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Church History In Plain Language Paperback – Dec 2 2008


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Product Details

  • Paperback: 544 pages
  • Publisher: Thomas Nelson Publishers-Study Books; Third Edition edition (Dec 2 2008)
  • Language: English
  • ISBN-10: 0718025539
  • ISBN-13: 978-0718025533
  • Product Dimensions: 22.9 x 15.3 x 3.8 cm
  • Shipping Weight: 689 g
  • Average Customer Review: 4.0 out of 5 stars  See all reviews (5 customer reviews)
  • Amazon Bestsellers Rank: #283,888 in Books (See Top 100 in Books)

Product Description

About the Author

Dr. Bruce Shelley was Senior Professor of Church History and Historical Theology at Denver Theological Seminary. He held the M.Div. degree from Fuller Theological Seminary and Ph.D. from the University of Iowa. Among his previous publications are The Church: God's People; Evangelicalism in America; and The Cross and the Flame.


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2 of 2 people found the following review helpful By Nick Osborne on Feb. 14 2012
Format: Paperback
This one volume compendium of church history lives up to its name: it is written in plain, very readable language. Shelley has a knack for weaving stories around people and personalities--not just dates and events--and the result is a very engaging single volume of history that is, at times, as engrossing a page-turner as any novel. Shelley's goal in writing this book is to heal the 'historical amnesia' from which many Christians today suffer (p. xv). He reminds us that throughout Scripture, from the Exodus to the Eucharist, we are commanded to remember. But what to remember? 2,000 years of church history could easily fill a library. Shelley's desire is to focus on the permanent rather than the passing fad (p. xvi). Thus, he is admittedly selective in what events to address and what to pass by.

The book is divided by epochs, that is, 'ages' of Jesus and the Apostles; Catholic Christianity; Christian Roman Empire; Christian Middle Ages; Reformation; Reason and Revival; Progress; and Ideologies. Unfortunately, due to his selection biases, as the Church goes through its schisms, Shelley tends to focus on West over East, then Protestant over Catholic. This is not to say that the other streams of tradition are never mentioned again, but the massive majority of limelight after AD 1500 (about half the book) goes to Protestantism, and once the Americas come on the scene, American and British Protestantism. Further, although he picks and chooses events to suit his narrative, there is little mention of the Pentecostal Movement and Charismatic Renewal of the 20th century that transformed the face of the world-wide church. So although this is an excellent one volume compendium of church history, it is understandably (given the fact that it is only one volume) weak in certain areas.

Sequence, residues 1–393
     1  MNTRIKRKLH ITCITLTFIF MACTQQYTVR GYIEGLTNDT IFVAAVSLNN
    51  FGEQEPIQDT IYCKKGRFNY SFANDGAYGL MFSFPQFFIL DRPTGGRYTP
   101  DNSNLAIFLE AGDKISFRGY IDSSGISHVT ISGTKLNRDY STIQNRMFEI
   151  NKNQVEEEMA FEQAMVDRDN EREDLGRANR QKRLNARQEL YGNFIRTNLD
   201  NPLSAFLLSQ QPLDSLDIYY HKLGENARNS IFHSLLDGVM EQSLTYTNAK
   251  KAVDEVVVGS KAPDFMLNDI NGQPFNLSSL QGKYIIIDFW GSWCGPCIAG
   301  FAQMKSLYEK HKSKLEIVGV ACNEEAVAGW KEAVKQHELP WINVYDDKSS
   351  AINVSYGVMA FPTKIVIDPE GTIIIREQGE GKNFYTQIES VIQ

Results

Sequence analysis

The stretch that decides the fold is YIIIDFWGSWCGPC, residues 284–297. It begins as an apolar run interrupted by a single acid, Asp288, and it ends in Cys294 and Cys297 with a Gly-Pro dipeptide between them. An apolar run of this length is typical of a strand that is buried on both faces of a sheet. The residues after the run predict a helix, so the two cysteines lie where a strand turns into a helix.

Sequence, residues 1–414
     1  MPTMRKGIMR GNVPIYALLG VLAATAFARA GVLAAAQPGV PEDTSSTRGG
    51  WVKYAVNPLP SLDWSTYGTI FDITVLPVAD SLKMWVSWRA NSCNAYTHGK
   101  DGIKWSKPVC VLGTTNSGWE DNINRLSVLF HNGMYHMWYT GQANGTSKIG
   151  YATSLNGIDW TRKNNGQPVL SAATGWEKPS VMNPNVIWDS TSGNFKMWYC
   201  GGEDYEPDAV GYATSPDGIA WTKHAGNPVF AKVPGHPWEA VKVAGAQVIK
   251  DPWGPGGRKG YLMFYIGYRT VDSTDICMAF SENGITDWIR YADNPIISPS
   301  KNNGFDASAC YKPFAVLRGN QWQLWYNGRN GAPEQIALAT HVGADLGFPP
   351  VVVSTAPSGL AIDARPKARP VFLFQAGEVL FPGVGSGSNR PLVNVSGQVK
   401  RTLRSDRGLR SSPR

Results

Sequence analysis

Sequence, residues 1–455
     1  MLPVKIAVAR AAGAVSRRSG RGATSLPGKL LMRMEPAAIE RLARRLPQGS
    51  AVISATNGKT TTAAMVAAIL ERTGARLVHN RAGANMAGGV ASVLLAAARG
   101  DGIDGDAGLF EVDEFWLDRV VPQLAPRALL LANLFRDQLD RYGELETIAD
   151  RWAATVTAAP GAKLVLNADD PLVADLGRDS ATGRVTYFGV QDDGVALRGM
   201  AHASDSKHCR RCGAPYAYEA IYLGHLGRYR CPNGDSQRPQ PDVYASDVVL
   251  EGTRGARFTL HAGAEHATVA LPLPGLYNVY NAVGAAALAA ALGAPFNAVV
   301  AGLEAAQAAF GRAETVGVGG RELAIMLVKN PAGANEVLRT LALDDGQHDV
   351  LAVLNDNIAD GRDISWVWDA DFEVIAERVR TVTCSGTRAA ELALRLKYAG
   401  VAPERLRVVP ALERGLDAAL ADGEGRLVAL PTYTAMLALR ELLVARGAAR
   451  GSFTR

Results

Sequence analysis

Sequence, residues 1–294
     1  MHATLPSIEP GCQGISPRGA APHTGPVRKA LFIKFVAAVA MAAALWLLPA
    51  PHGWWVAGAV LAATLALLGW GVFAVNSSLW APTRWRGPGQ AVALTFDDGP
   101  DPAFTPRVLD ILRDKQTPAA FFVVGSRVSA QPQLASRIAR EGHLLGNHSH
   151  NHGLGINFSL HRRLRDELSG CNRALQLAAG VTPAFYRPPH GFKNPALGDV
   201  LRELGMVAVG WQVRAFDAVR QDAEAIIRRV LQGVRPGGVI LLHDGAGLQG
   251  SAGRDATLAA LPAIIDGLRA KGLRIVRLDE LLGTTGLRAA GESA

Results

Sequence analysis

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1 of 1 people found the following review helpful By C. Kajorinne on April 13 2009
Format: Paperback
This text was required for one of my college courses and I loved reading it. I had a different book for the second half of the course and hated that one. This book is by far the best book on Church History that I have come across. I would recommend this to college students and anyone who desires to know more about the details of the church's history. Easy to read, far from boring, and gives a more down-to-earth account of what happened throughout history in the life of the church.
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1 of 1 people found the following review helpful By Joshua J. Duffy on May 24 2010
Format: Paperback
If you don't know anything about church history, then this is a great book to start with. I knew little about the history of Christianity before reading this book, and it got me studying everything I can on the subject! A fascinating read
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Format: Paperback Verified Purchase
My wife and I are both reading this book and enjoy the information. We are not in a class and do not need to write a book report but the book taught us how the present church has came into this century with the truth of the gospel message. God is faithful and preserved His message and we can trust Him. It was a great experience for us. We are glad that it was in everyday language.
Chalmers Wirth
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3 of 5 people found the following review helpful By LBF on Dec 4 2011
Format: Paperback Verified Purchase
It is difficult to know how to rate this bizarre book. On the one hand, you can make the case that the author does a decent enough job until the 1700s or so, although the unstintingly male-dominated language had me scratching my head; I had to keep checking the publication date. Who writes like this in 2008? Things fall apart completely when Shelley tries to make sense of the complexities of modern-day global Christianity. While I can respect theologically conservative thinking and belief, Shelley simply caricatures more liberal theologians, and can't seem to distinguish between liberal, human-rights based social policy and orthodox theology. He ignores the fact that it is quite possible for someone to be conservative theologically and still support basic human rights (which, I would argue, is exactly what Jesus Christ did and calls us to do today). I was pressed into writing this review at the point where Shelley uncritically references Jerry Falwell and Pat Robertson as voices for "educating" and "mobilizing" Christians, presumably against those Christians who had succombed to the age of "self-expression" and were "intent upon emphasizing feelings and affections". Overall, I was terribly disappointed by book whose foreward claims that students find it "accessible, educational, and enjoyable."
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